With the expansion of competitive crappie fishing in southeastern United States the subject of Mississippi fishing keeps coming up.
Each year anglers catch huge fish in the waters of this state. The northwestern corner of Mississippi is called the Arc of Slabs due to it quality white and black crappie population. It consists of four lakes Arkabutla Lake (11,870-acres); Enid Lake (16,130-acres), Grenada Lake (35,820-acres) and Sardis Lake (32,100-acres) are famous for their crappie fishing.
Along the Mississippi River are numerous oxbows, marshes and other backwaters.
Unlike the northern portions of the river, here in the southern end of the river, there are no dams and floodgates to control the flow. As a result, the river floods in spring as it expands depositing soils on the shore which aids agriculture. It also floods back into the oxbows and marshes “stocking” them with fish from the main river. As the water recedes, it traps fish in these shallow waterways.
The fish that follow the flow of water in search of food in the form of insects, crustaceans and other small marine animals are stuck when the water recedes.
Anglers in small Jon boats, canoes and kayaks probe these waters. The smaller boats are necessary as access to these backwater situations is often off the beaten path. It becomes necessary to pull them through brush and across fields. The lighter craft are essential.
The same applies to tackle. Experienced anglers use light tackle and lures. If live bait is required then small coolers with air pumps are the ticket. Crappie anglers prefer worms or minnows in the live bait. They use small amounts of small jigs and other lures. It is best to be selective since a few ounces saved in physical weight are helpful.
First time visitors hire guides, question locals at the marinas, bait shops and local facilities in an effort to find the best locations to fish. Those anglers looking for trophy crappie seem to migrate to Mississippi.
By following a few guidelines, one can have a great day in the outdoors as a ground pounder.
Tip 1 No matter what the gear or the bait for that matter, the key to catching fish from shore is to find structure and vegetation in the water. Fish follow pathways along and around structure. They will follow one type of structure to another.
Tip 2 Seldom will fish cross large expanses of open water. It makes them vulnerable to predators. If an angler eliminates the large expanse of open water, he reduces the search area.
Tip 3 One good choice is an area where two or more kinds of structure meet. This could be where weeds meet each other, a fallen tree or rocky area. Areas around rocky points, dam faces, or jetties can also have vegetation near by that will attract fish. Other good locations can be where feeder streams or canals bring in warmer water, oxygenated water, and wash in insects from flooded areas upstream. Creek channels provide pathways between structures. Fish often use old creek channels when they move from weeds to brush or shallow water to deep water.
Tip 4 Deep water drop offs are popular with fish. It allows them the security of deep water and yet the opportunity to move up into the warmer water of the flats to feed.
Tip 5 More good locations along the shore are partially submerged trees or those that have fallen into the water. Stump fields, logs and broken tree branches that have fallen into the water will attract fish. Vegetation such as willows, cattails, weeds, and lily pads provide food, shelter and a place of safety to fish.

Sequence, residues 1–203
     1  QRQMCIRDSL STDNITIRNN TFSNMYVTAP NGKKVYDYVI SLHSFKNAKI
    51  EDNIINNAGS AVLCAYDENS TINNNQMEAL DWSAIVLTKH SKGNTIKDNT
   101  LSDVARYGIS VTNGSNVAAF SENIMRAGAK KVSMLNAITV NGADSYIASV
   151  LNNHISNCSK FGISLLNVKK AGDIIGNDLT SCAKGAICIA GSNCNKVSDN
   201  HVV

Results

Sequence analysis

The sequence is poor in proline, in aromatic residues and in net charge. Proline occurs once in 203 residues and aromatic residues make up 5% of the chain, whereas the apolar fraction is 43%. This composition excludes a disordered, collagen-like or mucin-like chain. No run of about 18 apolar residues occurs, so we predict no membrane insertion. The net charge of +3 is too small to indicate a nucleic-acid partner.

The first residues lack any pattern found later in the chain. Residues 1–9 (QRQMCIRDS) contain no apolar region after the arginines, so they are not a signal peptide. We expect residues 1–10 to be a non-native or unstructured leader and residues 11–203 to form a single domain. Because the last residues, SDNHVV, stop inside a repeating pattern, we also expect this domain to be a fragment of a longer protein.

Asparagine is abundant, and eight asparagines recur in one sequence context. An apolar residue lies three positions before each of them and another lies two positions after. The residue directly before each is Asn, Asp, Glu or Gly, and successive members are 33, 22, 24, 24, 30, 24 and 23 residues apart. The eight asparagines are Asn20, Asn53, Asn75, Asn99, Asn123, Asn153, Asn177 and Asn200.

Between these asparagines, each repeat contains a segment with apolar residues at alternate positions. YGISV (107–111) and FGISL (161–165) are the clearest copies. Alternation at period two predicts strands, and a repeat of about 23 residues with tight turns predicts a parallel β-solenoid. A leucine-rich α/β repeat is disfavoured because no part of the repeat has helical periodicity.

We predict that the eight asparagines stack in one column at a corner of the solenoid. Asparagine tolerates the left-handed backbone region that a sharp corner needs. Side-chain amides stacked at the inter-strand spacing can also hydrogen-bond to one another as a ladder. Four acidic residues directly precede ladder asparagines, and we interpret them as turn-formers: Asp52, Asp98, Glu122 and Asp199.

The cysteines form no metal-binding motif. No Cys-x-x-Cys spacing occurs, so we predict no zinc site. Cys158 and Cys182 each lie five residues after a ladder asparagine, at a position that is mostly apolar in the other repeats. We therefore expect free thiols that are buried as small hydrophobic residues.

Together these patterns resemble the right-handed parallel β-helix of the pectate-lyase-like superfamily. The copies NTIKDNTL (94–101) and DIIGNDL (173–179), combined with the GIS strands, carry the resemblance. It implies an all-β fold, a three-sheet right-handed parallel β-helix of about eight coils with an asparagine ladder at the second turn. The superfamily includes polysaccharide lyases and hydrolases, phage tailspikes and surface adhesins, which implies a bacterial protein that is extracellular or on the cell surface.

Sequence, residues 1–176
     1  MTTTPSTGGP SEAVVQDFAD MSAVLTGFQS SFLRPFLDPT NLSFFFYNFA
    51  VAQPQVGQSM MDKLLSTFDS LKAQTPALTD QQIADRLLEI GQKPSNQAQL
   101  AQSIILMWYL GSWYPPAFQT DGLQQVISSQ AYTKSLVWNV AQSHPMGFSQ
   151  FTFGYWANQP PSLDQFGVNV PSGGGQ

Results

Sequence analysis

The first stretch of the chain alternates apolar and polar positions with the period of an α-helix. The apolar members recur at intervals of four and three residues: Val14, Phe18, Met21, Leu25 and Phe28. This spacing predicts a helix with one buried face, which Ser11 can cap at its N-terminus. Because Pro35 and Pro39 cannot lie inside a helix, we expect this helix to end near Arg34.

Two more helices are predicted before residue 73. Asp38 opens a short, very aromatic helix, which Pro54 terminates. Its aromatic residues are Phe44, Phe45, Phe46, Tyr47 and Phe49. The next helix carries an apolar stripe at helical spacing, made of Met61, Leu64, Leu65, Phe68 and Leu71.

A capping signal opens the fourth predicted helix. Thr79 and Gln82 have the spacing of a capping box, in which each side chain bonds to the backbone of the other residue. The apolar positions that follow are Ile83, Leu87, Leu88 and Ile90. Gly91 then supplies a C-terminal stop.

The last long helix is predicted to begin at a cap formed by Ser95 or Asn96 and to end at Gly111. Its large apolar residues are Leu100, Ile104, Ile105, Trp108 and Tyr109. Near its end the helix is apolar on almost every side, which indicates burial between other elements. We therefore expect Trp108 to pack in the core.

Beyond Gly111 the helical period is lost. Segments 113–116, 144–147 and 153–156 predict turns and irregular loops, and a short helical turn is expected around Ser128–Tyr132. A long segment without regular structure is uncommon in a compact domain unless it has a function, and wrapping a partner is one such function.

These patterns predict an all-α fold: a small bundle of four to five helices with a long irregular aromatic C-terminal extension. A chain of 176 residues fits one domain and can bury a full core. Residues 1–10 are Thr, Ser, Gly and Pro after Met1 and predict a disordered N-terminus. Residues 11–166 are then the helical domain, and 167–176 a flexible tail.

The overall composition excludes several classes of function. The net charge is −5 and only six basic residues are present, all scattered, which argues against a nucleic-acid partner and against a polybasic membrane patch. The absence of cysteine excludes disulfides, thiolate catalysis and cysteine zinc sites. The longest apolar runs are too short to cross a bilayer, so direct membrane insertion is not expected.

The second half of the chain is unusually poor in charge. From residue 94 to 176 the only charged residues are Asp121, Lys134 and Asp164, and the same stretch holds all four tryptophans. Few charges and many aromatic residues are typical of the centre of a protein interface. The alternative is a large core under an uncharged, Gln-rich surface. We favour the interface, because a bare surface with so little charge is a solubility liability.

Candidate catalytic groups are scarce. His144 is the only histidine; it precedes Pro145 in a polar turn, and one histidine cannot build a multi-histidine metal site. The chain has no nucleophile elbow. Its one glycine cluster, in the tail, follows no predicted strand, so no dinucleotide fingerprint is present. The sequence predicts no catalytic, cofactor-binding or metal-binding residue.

Tip 6 Bait can be a major factor in shore fishing. For smaller species, such as bluegill and crappie, live bait is best. The bait can be small minnows, and pieces of night crawler. The amino acids in live bait are an attractant to fish coming out of a long winter of minimal activity. They also will be feeding on zooplankton and insects found in or near vegetation.
Tip 7 For the larger predator fish, such as bass, an artificial lures are popular. When working a lure through and area it is important to work it through. Fan cast a dozen or so times. Retrieve the lure at different speeds and work it in different depths.
Tip 8 Be flexible and portable. If a given location is not producing in 15 minutes, it is time to try another one. Go where the fish go.
Pulling into the state park 12 miles west of Lebanon, MO, all appears normal. Then the amount of vegetation in the stream appears excessive. There is the sound of an outboard motor. It is an unusual situation because the Missouri Department of Conservation does not allow boats in the trout fishing area. This is going to be a strange day of trout fishing.
The Department of Conservation releases Rainbow Trout into the stream daily during the months of March through October and anglers flock to take part in the excellent opportunity to catch good sized fish. Today the anglers are leaving as they meet in the parking lot and discuss the situation.
The stream divides into three zones for fishing. Zone 1 runs from the Hatchery Dam upstream to the end of the trout fishing area. Anglers who are fishing with flys only are permitted in this zone. Zone 2 runs from the Hatchery Dam downstream to the Whistle Bridge. Only flys and artificial lures are allowed in this zone. Zone 3 runs from Whistle Bridge downstream to the Niangua River. Only unscented soft plastic baits and natural and scented bait is permitted in this section of the stream. All flys and artificial lures are not permitted in Zone 3 even if natural or scent is added.
The normally pristine stream is choked with what appears to be coontail. It is great cover for trout but a mess for the angler. And what about that outboard motor? It only takes a few casts before anglers give up and head for the lodge for lunch and some explanation.
On the way to the lodge parking lot the answer to some of the problem is on display for all to see at the dam and below it.